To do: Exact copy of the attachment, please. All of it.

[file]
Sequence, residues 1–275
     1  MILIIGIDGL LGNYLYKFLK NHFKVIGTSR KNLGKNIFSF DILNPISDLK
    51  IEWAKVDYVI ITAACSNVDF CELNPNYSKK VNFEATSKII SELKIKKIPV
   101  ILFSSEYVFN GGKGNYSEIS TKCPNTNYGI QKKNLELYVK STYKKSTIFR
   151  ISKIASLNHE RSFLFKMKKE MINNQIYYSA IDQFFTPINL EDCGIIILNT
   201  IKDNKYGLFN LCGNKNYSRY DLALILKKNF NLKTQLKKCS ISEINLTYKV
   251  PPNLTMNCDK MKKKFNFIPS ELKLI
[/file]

Sequence, residues 1–275
     1  MILIIGIDGL LGNYLYKFLK NHFKVIGTSR KNLGKNIFSF DILNPISDLK
    51  IEWAKVDYVI ITAACSNVDF CELNPNYSKK VNFEATSKII SELKIKKIPV
   101  ILFSSEYVFN GGKGNYSEIS TKCPNTNYGI QKKNLELYVK STYKKSTIFR
   151  ISKIASLNHE RSFLFKMKKE MINNQIYYSA IDQFFTPINL EDCGIIILNT
   201  IKDNKYGLFN LCGNKNYSRY DLALILKKNF NLKTQLKKCS ISEINLTYKV
   251  PPNLTMNCDK MKKKFNFIPS ELKLI